There is another great comparison that illustrates this difference. Consider National Review, a magazine that has been one of the key anti-Trump outlets on the Right. Founded by William F. Buckley, the magazine opposed the Civil Rights Movement during the 1950s. National Review‘s civil rights attitudes are now more complex, moderate, and varied, but it still has a lot of the same flavor as it did sixty years ago. For one thing, although some of its writers support gay marriage, the magazine has repeatedly run anti-gay marriage articles in recent years, as well as articles opposing other aspects of LGBT rights. They run a recurring column by Maggie Gallagher, a former leader in the National Organization for Marriage. Feminism is practically a dirty word for some of their writers. David French, a writer for National Review who was floated as a possible establishment Republican alternative to Trump, opposes marriage equality and criticizes Trump for being too moderate on transgender bathroom use. In fact, while he and his family have undergone disgusting, racist, sexist, threatening attacks from Trump supporters, French’s own writing on race walks a fine line. Last year, he said that the Confederate Flag should remain at the South Carolina Capitol regardless of whether it offended people. This year, he said that Colin Kaepernick needed to stand for the National Anthem, because, apparently, not offending people is very important after all. Contrast this with the New York Herald Tribune, a prominent Republican newspaper that refused to endorse Goldwater in 1964 and blasted him for race baiting. The paper was a combination of two older papers, the New York Herald and the New York Tribune. The New York Tribune had been founded by Horace Greeley, a moderate abolitionist but an abolitionist nonetheless, who asserted in 1864 that it was none of the government’s business if a person married someone of a different race. During the 1950s, the New York Herald Tribune favored civil rights and even allowed NAACP Executive Secretary Walter White to publish an article in the paper blasting neighborhood racism in Chicago. One of the paper’s presidents, Ogden Reid, was elected to the House of Representatives in the 1960s, where he was one of the chamber’s strongest advocates of civil rights and eventually left the GOP after it became too conservative for him.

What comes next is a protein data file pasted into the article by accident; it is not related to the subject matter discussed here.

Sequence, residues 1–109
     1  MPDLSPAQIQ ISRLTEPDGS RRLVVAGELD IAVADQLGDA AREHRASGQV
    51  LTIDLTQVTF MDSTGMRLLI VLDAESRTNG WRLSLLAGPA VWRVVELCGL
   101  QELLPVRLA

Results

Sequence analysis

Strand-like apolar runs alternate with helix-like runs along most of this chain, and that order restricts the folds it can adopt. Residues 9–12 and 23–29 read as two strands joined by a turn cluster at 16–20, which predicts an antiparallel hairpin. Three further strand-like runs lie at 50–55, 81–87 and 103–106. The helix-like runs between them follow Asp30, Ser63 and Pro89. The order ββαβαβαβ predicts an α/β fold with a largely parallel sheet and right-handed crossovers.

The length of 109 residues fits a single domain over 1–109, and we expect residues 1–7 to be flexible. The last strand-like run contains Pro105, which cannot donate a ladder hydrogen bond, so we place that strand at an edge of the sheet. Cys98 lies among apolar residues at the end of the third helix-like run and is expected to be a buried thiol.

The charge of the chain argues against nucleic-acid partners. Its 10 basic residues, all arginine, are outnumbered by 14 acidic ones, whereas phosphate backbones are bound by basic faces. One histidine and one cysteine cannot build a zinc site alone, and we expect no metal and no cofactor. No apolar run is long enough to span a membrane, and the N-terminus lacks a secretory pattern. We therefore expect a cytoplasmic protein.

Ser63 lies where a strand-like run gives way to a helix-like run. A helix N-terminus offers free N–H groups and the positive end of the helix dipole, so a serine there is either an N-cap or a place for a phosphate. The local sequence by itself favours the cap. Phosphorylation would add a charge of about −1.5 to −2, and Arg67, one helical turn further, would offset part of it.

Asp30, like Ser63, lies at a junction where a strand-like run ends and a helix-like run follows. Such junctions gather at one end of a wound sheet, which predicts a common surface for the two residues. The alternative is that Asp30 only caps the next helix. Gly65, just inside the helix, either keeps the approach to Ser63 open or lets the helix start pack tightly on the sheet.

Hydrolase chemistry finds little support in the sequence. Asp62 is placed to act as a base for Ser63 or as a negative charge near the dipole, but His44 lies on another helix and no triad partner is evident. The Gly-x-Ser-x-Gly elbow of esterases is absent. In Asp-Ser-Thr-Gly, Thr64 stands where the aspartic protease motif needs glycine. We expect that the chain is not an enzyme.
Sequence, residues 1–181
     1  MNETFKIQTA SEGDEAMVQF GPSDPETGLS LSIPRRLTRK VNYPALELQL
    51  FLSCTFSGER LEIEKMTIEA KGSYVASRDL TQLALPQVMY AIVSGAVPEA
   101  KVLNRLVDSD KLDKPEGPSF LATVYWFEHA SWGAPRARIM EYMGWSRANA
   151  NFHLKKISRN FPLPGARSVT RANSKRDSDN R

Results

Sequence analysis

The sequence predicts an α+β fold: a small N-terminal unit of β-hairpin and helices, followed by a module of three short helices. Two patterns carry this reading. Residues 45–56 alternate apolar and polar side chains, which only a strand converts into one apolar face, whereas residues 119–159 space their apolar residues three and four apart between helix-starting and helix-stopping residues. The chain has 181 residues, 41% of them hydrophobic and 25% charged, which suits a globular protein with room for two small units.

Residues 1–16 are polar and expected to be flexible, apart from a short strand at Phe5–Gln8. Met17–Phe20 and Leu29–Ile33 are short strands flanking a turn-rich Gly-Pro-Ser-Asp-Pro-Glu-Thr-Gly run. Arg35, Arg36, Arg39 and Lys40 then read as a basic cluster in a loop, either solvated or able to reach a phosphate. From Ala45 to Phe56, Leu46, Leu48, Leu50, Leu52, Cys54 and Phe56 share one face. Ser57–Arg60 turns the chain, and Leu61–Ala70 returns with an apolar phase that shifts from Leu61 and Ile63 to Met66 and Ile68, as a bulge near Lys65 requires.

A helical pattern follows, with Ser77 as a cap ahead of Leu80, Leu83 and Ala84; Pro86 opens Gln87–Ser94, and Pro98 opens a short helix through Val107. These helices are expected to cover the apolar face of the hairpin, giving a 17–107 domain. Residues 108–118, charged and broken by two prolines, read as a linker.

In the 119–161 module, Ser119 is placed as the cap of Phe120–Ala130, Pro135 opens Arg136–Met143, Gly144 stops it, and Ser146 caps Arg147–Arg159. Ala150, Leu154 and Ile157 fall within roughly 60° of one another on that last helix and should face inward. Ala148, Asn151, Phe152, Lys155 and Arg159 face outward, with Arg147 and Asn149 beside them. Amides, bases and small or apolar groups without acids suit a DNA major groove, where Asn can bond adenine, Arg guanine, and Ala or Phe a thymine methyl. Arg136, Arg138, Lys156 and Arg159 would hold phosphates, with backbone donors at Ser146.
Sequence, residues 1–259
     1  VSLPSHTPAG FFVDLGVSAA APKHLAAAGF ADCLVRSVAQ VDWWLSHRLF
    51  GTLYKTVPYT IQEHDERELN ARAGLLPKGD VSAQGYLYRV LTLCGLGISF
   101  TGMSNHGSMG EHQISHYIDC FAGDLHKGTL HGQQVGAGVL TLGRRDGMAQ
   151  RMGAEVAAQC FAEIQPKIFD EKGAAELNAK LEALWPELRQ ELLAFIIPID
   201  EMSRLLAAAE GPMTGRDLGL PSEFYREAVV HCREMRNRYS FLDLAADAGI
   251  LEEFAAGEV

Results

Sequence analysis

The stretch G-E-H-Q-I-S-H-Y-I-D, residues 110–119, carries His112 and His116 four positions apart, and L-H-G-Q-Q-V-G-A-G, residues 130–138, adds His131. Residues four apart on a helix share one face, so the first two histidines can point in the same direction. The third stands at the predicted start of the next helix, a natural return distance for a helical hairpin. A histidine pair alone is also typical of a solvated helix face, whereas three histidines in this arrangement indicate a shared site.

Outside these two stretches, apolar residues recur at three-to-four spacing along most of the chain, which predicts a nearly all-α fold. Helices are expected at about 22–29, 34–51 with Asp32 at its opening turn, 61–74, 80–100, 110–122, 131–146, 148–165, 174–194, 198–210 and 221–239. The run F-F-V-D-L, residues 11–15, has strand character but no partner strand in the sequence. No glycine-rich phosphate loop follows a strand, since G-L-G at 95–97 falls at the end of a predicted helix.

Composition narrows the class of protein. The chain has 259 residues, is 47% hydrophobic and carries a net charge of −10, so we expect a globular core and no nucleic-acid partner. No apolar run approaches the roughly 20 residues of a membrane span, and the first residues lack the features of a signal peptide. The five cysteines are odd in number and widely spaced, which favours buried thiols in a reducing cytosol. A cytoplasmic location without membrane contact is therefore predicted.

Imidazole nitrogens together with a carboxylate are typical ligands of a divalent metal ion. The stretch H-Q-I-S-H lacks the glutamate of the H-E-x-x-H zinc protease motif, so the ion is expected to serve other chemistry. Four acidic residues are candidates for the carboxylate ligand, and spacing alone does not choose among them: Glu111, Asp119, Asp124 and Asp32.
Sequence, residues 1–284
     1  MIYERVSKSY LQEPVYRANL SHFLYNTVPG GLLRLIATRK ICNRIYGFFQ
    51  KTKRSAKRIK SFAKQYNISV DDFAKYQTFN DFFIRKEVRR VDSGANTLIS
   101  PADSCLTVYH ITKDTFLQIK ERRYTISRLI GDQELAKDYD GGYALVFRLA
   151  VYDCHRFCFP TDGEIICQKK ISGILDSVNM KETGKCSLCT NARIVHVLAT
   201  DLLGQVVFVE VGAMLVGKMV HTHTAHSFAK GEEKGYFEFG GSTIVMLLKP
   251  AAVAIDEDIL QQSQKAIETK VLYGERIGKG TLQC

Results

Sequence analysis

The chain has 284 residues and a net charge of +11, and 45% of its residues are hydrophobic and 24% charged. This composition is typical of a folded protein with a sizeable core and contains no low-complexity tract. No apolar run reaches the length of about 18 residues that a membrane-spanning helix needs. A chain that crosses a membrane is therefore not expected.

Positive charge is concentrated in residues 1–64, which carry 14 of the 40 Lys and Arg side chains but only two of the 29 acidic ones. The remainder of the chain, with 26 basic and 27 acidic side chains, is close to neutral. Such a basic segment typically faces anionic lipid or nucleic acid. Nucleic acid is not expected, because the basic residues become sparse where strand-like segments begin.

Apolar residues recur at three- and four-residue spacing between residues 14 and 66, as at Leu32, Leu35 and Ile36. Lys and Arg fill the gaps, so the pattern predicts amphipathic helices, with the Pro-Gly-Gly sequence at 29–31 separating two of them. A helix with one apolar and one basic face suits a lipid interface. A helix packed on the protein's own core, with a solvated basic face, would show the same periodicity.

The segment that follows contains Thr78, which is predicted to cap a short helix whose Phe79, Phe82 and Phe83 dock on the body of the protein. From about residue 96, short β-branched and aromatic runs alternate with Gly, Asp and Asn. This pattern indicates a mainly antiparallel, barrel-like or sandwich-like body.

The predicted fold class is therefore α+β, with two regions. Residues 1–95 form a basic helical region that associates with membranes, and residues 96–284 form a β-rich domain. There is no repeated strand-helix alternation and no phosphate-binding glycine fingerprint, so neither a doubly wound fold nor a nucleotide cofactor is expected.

The bottom line is this: in 1964, Dixiecrats and Buckley-style Republicans had not yet completed their mission of remaking the Republican Party in their image. Thus, mainstream Republicans were in a good position to criticize Goldwater on substance rather than simply style, without coming across as hypocritical to the degree that many modern (but not all) Republicans do when they criticize Trump. Even in the 1970s, Nixon mixed his racist Southern Strategy with some moderate policies on civil rights. His Administration sued both Bob Jones University and the Trump family’s real estate business for racial discrimination. Of course, within a decade, the Republican Establishment was blatantly catering to Bob Jones, and now, Trump is the party nominee for president. In this election, by contrast, Trump did not have to remake the Republican Party, because it had already been remade. He didn’t make it the party of bigotry, fear-mongering, big government social authoritarianism, or white identity politics, because it had already become that party. Back in January, former Bush speechwriter Michael Gerson wrote a column entitled, “The Party of Lincoln is Dying.” Truth be told, it was already dead before Trump ever ran for president. And if it wasn’t dead when Gerson’s old boss took office, it sure was when he left. Trump is living in the house that folks like Barry Goldwater, William F. Buckley, James Kilpatrick, Robert Bork, Strom Thurmond, Jesse Helms, Trent Lott, Ronald Reagan, Lindsey Graham, George W. Bush, Mitt Romney, and plenty of others built. And if he somehow wins next month, he’ll owe them a thank you.